Wrapped with God’s love

Bobbi Meyer, Pastor Eileen Smith Le Van and Judy Kenney pray over shawls they have knitted and crocheted.

Bobbi Meyer, Pastor Eileen Smith Le Van and Judy Kenney pray over shawls they have knitted and crocheted.

A sick, elderly man facing his end clutched the green, shell-stitched shawl that lay across his thin frame and found courage in the love imbuing every stitch.

A woman grieving her son’s death wrapped a multi-colored, fringed shawl around her shoulders as she prayed for comfort.

More than 70 such shawls, each unique, have been knit and crocheted by women of Peace Lutheran Church since the group began meeting two years ago this month. They have delivered their love-blessed creations to the troubled, the sick, the grieving and the dying among church members, relatives and friends.

Especially as the weather turns damp and cold, the shawls remind each recipient of love – human and divine – that shores them up during times of trial.

PEACE member Bobbi Meyer started the group; she loves to knit and passes spare time with yarn and needles in hand. She heard about prayer shawls from a friend, who made them with a group at her church. Meyer found fuel in “Knitting into the Mystery,” by Susan Jorgensen. Then, a few years ago, Peace leaders asked members about talents they have to share, and Meyer couldn’t shake off the urge to reflect God’s love in this way.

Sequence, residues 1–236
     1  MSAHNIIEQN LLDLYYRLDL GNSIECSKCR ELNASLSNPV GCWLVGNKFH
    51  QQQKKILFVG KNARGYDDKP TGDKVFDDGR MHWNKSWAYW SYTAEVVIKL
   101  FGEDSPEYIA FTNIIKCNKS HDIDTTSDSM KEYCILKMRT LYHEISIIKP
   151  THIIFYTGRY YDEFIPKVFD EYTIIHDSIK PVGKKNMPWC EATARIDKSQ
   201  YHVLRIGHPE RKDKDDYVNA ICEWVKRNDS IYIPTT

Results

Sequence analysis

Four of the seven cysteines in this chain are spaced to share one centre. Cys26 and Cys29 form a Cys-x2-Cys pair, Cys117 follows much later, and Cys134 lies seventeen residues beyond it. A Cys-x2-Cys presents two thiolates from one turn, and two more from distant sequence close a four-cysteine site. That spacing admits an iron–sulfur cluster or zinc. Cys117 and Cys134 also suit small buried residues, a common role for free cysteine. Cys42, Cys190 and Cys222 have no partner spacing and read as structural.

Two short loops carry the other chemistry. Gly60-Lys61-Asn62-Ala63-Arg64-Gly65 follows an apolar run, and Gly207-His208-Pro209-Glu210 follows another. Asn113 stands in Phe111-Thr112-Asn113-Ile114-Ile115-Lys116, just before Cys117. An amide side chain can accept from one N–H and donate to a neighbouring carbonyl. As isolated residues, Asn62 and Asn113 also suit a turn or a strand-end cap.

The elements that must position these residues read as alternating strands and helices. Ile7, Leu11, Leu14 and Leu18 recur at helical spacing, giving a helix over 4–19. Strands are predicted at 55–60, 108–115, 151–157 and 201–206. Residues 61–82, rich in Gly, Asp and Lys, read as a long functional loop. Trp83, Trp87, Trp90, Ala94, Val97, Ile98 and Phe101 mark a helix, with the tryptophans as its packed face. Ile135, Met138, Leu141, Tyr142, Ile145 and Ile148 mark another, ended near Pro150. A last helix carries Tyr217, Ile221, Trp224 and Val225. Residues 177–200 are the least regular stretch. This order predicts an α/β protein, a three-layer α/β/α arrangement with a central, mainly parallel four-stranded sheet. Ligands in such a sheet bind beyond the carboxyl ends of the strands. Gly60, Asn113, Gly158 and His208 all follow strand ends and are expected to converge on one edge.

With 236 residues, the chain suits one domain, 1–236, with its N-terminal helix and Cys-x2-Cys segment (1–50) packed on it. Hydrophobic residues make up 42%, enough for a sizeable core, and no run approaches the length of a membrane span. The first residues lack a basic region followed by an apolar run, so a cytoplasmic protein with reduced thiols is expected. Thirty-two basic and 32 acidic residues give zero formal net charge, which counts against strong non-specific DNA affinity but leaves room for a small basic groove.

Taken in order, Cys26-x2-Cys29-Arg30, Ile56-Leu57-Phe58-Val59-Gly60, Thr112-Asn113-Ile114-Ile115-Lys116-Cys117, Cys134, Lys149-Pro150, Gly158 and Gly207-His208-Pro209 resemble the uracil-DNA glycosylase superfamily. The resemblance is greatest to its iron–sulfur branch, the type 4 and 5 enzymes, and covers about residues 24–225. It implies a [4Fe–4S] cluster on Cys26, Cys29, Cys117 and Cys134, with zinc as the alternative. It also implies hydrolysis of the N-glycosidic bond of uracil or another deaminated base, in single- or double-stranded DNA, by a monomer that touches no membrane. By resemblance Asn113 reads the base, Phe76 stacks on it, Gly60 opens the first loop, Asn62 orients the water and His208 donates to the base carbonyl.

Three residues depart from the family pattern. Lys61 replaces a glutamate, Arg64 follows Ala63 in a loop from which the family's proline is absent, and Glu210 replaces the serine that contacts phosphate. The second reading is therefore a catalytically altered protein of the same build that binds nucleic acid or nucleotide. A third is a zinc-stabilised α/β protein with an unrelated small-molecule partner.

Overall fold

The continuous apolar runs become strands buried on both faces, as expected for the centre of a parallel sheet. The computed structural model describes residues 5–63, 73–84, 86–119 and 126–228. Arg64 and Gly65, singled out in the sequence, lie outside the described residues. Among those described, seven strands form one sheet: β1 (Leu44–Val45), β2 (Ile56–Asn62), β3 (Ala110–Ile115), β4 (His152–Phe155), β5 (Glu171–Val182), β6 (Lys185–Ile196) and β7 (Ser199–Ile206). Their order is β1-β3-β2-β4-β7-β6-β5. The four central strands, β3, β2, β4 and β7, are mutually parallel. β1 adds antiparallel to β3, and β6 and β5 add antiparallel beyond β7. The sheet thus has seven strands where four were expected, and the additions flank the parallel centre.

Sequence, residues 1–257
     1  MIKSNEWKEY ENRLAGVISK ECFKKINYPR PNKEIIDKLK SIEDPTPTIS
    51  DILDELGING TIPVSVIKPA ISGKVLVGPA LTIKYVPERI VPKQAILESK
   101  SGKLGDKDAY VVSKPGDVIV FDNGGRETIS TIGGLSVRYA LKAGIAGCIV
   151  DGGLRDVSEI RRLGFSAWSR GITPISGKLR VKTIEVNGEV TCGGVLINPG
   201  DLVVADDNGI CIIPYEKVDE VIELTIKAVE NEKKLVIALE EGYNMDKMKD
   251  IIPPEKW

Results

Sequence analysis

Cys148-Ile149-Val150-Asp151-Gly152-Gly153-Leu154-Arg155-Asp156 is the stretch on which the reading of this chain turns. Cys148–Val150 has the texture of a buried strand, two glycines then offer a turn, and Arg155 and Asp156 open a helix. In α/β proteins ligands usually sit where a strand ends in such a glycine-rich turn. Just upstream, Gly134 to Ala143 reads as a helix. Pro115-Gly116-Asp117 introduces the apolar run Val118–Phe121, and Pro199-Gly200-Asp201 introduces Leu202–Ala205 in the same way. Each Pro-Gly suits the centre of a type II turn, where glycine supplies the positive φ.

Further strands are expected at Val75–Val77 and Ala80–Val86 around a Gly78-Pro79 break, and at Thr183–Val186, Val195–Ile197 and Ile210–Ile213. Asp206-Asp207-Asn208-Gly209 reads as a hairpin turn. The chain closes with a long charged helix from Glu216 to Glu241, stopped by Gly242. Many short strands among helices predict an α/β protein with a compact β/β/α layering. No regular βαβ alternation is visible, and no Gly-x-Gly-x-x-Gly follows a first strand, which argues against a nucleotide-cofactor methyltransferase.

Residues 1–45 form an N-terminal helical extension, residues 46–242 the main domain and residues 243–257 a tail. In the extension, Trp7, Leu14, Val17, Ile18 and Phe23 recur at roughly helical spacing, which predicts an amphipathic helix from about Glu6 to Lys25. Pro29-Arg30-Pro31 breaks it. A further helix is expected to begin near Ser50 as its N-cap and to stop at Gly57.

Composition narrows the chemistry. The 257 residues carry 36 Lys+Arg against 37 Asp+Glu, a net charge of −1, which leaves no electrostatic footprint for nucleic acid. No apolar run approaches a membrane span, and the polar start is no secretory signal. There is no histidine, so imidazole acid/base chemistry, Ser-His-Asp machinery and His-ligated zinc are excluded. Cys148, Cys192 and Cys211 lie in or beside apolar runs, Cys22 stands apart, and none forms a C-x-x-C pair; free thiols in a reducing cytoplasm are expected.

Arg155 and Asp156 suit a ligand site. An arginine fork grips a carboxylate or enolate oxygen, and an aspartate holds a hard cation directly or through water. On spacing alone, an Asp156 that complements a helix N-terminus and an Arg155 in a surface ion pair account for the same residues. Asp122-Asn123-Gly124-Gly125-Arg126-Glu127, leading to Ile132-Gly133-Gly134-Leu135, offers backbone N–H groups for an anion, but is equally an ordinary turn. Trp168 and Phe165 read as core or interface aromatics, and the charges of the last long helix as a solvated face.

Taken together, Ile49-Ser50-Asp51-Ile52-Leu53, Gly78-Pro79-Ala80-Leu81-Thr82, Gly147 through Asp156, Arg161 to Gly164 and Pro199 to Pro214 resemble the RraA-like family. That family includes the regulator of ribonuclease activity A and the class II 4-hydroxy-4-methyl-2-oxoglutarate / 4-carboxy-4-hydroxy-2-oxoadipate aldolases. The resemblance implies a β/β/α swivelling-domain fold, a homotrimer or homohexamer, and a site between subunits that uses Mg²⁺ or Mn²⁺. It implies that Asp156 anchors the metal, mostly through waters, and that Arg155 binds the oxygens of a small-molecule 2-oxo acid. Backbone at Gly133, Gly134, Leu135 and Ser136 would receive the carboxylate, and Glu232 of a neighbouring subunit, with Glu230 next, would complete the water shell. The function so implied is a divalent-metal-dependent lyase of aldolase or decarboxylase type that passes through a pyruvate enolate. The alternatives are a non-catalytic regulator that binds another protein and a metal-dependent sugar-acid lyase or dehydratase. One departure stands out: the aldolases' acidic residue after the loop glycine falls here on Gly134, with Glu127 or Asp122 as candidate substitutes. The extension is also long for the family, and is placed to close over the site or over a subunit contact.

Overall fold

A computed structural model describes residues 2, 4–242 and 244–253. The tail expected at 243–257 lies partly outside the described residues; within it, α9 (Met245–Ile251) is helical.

“I felt God was leading me and giving me all the tools,” Meyer said. “The way that it all came together, I knew it was meant to be.”

Anyone wishing to join PEACE’s Prayer Shawl Ministry or donate yarn in good condition may contact the church at (530) 273-9631.

Knots of love

Now, up to five or six women gather in Meyer’s home on the first Monday of each month and work on their projects at other times as well. They pray light and comfort into every stitch, knitting the recipient’s needs into each shawl. They pray over finished shawls and tie a tag on each bearing the names of creator and recipient, telling that the shawl “has been passed around our gathered circle, passed through our praying hands and blessed by our loving hearts.”

Meyer and her gang of needle workers see their work as a ministry of love and support. “It’s amazing the stories we hear about the shawls,” she added.

The basic pattern for a knit prayer shawl is knit three, purl three. The pattern of threes is found in every religion and culture, Meyer reflected. As a Christian, it reminds her of the Father, Son and Holy Spirit – the three-in-one God. It also reminds Christians of the virtues St. Paul describes in 1 Corinthians: faith, hope and love.

“The greatest of these,” St. Paul concludes, “is love.”

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